On October 7th, Bloomberg reported that ISIS is spreading to Kobani, a crucial Syrian city bordering Turkey. Kobani’s fall to ISIS would means that the terrorist group has secured over 100 kilometers of land connecting Syria and Turkey. US officials are downplaying the significance of the current battle, but the militaristic importance is clear: ISIS is spreading, and there’s little the United States can do to stop it.

It’s been said time and again that the ongoing crisis with ISIS is similar to the United States’ conflict with al Qaeda. Like last time, we’re faced with a stateless, fundamentalist terrorist group that has grappled the media’s attention because of the needless killings they have committed. Amazingly, while polls suggest that Americans are uncomfortable with boots on the ground in affected countries, they are still overwhelmingly rallying around policies that have been demonstrably ineffective over the past thirteen years. Unfortunately, the media is right. The problems with ISIS directly mirror Iraq and Afghanistan, but policy makers should have learned from our undefined goals, intelligence gaffes, and misuse of the military before confronting another non-state actor.

Ultimately, the United States is treating ISIS like a country instead of an idea taking hold of people across territories around the globe. This disconnect between the US’s strategy and the reality of the battle its fighting will lead, and has led, to the ultimate failure of America’s military objectives in the Middle East.

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Glenn Greenwald of The Intercept delivered this talk at the TEDGlobal 2014 conference in Rio de Janeiro Tuesday.

There’s more of a mystery to how three Guantanamo detainees died on June 10, 2006, than I realized when I described their deaths as suicides in a
recent article
about force-feeding methods at the notorious U.S. prison. Some very experienced investigators who have examined the evidence suspect the three were victims of homicides amid the torture regime employed by President George W. Bush’s underlings.

Scott Horton, whose upcoming book Lords of Secrecy contains new insights into the Bush/Cheney/Rumsfeld/Tenet go-ahead on torture and other abuses, has supplied me with additional detail highly suggestive of foul play by CIA interrogators.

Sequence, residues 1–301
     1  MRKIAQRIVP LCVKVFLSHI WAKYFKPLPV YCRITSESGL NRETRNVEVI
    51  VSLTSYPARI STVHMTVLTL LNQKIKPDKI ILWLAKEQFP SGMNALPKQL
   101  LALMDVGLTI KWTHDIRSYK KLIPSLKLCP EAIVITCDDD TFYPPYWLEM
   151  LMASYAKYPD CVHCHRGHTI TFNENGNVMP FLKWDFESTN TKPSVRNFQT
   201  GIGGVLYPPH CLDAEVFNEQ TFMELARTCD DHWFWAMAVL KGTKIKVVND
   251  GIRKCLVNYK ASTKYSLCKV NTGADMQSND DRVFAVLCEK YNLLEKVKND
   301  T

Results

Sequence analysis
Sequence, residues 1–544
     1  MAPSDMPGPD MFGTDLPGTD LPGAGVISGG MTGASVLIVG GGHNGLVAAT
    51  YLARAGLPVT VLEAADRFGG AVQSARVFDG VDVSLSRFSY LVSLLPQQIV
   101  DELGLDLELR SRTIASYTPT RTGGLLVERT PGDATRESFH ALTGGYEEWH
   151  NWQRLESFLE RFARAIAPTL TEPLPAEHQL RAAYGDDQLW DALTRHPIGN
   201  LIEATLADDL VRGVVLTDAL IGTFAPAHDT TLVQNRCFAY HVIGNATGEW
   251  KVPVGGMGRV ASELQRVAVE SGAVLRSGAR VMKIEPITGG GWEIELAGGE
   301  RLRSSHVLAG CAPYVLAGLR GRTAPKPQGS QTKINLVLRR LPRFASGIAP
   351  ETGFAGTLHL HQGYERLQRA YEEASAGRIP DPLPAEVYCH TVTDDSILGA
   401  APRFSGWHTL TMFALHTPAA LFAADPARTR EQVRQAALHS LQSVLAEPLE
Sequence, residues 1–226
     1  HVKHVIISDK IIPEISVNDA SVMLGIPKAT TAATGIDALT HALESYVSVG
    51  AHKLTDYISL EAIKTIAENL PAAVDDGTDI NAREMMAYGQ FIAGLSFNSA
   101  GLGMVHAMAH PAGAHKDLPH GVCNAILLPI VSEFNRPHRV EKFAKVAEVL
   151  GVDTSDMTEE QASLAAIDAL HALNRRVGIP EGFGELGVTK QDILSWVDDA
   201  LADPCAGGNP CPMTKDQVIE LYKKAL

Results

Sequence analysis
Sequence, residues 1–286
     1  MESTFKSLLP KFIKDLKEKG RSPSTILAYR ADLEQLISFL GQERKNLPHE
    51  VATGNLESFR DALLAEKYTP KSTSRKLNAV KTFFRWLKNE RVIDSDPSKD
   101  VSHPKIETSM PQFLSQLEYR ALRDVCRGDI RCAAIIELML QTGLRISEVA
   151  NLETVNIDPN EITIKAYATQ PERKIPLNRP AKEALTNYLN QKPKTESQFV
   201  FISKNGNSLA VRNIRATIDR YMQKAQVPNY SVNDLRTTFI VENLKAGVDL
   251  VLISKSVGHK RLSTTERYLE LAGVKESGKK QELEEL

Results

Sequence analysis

Horton noted that the three prisoners were scheduled to be released and repatriated and that key details about the U.S. government’s suicide claims have been disproved. For instance, the first reports said the inmates had hanged themselves with linens in their jail cells, but medical records, which the government sought to suppress, indicate otherwise.

The records “reveal that the three died not from strangulation (as would be the case in a hanging) but from asphyxiation resulting from having cloth stuffed down their throats – precisely the same kind of cloth, it turns out, that was used by a similar interrogation team around the same time at the Charleston Brig, and which has been labeled by a University of California study as ‘dryboarding,’” Horton wrote in an email.

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Inspire is an English language online magazine published since 2010 by al-Qaeda in the Arabian Peninsula. I just read the latest issue so you won’t get arrested doing so.

Aimed primarily at radicalizing youth audiences in the U.S. and Britain, the mag appears semi-regularly (twelve issues so far) online only, as a PDF, and is entirely in English. Graphically well-done, the editorial parts of the magazine shift among sometimes bad-English reporting, religious and jihadi-inspirational pieces, and bomb making instructions.

Yeah, bomb making instructions. That’s the part that sort of is controversial, the clear, step-by-step photo-illustrated instructions for making your own explosives using common materials, plus the encouragement to use them in crowded places.

Inspire and al-Awlaki